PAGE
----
For the first few years after home wireless routers became available, it was quite common for everyone to leave their router in open access mode. But then strangers began to steal bandwidth and criminals began to use open wifi access points to illegally access computers on the Internet.
This not only cost money in extra bandwidth use, but it also put the home networks data under threat.
Home Wi-fi security is now a practical necessity. Here’s how to make sure you’re using the best security possible.
Use WPA, Not WEP Or Open Access
Most newer routers come configured by default for WPA, but you should check to be sure. Log in to your router using the instructions provided by your manual and go to the Wireless Security screen, which may be a subsection of the Wireless Setup screen.
Look for an encryption setting. You should see options named similar to the following:
• None (open)
• WEP (possibly followed by some numbers)
• WPA (possibly followed by numbers or abbreviations)
You don’t want to use no security or WEP. You only want to use one of the WPA options; WPA-PSK is the most common and all modern computers, laptops, smartphones, and tablets support it. Use WPA2 instead of WPA if your router supports it.
WPA requires that you enter a password, although many high-quality routers also support push-button configuration which makes adding new devices to your network much easier.
Even if you use push-button configuration, you still need to set a password. Choose a strong password because hackers can try lots of different passwords if they want to break into your router.
After I choose a password for a home router, I always write it on a sticky note and attach it to the top of my router. When a guest wants to log in to my router, I point them at the router so they can read the password off of the sticky note. (This saves me from having to spell out my complicated passwords.)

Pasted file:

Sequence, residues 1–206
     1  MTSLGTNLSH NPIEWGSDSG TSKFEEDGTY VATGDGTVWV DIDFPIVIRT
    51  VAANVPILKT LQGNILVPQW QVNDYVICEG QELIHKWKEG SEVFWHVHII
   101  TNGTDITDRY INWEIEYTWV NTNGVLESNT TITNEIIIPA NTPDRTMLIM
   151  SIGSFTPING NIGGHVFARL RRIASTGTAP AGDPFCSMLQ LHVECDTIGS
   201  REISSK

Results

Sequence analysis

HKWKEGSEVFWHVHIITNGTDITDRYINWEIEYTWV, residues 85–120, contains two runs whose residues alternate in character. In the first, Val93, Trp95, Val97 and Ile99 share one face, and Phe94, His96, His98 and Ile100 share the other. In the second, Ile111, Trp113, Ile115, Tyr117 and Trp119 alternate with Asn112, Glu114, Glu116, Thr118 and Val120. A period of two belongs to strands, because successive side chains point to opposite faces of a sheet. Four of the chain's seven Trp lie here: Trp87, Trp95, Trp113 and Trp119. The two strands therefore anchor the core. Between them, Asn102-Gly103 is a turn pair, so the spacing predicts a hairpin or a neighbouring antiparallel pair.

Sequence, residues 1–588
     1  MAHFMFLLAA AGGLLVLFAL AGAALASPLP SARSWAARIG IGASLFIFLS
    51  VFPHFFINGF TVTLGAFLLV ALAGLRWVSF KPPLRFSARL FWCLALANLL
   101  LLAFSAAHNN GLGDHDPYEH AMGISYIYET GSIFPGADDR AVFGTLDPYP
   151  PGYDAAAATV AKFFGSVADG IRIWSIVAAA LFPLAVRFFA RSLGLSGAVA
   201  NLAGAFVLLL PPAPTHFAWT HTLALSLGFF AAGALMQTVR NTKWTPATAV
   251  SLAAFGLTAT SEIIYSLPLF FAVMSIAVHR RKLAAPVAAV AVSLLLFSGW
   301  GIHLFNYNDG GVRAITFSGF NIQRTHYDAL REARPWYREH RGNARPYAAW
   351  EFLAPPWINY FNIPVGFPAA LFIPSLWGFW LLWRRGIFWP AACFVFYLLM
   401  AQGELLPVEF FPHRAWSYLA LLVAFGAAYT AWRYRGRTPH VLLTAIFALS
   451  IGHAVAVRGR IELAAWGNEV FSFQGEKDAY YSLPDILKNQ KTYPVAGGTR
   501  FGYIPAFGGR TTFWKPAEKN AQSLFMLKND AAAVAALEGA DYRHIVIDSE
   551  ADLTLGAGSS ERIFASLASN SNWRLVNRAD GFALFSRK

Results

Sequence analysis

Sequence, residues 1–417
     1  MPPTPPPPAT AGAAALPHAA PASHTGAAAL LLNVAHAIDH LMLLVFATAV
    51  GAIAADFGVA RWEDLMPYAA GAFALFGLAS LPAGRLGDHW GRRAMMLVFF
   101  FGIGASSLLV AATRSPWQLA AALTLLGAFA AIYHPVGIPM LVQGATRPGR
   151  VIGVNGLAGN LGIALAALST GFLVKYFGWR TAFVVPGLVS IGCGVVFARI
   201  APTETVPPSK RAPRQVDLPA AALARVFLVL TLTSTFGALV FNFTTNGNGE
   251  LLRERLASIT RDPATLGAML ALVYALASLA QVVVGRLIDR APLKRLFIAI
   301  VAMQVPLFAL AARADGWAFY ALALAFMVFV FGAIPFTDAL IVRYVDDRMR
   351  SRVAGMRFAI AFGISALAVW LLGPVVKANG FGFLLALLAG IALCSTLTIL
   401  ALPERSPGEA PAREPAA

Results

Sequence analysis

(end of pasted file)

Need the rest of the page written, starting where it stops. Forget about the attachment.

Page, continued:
Another important way to protect your home wireless network is to change the password after sharing it. After all, you might have hundreds of friends that can all login to your home network.
See Who Is Using Your WiFi
Many users do not realise that you can check your to see who is using your internet connection and also block their IP address from further access. Even if you do not have a router, but just a modem, all you have to do is login to the device’s homepage to see the list of users on the network.
To do this you will need to know your own IP address so you can eliminate that from your investigations. But when all is said and done, this is a handy way to get rid of free loading or snooping guests.
Should You Hide Your SSID?
Before WPA became popular, the previous wireless encryption protocol (WEP) was compromised and manufacturers of wireless routers needed a quick fix to increase the security of their devices, so they created hidden SSIDs.
The SSID is the name of your router network. It’s used by devices which want to connect to your router so they can configure themselves.
If you hide your SSID, it becomes much harder to connect to your network because nobody with normal computer tools can see that your wireless network exists.
Hiding SSIDs will prevent the next door neighbor from using your wireless network, but it won’t block a serious hacker. And for as long as WPA provides great security, hiding your SSID provides no extra security.
But hiding your SSID does make it harder for guests in your house to connect to your network. Hidden SSIDs are also known to cause problems with some devices, such as the Samsung Galaxy Tab 2, so I recommend that you broadcast your SSID.
One warning: be careful what you type in your SSID. Anyone with a computer in range of your house (which can be up to a mile with sensitive equipment) can see your SSID, so you probably don’t want to type in something personal such as your GMail password. Also you do not want to use your family name or anything that identifies your home network as a hacker might specifically be trying to find your network.
Implementing a few home wireless security tips can save you a lot of hassle in the long run.
Read more at http://www.business2community.com/tech-gadgets/important-steps-protect-home-wireless-network-0647157#KM0wS1Wgjlyp8tJ4.99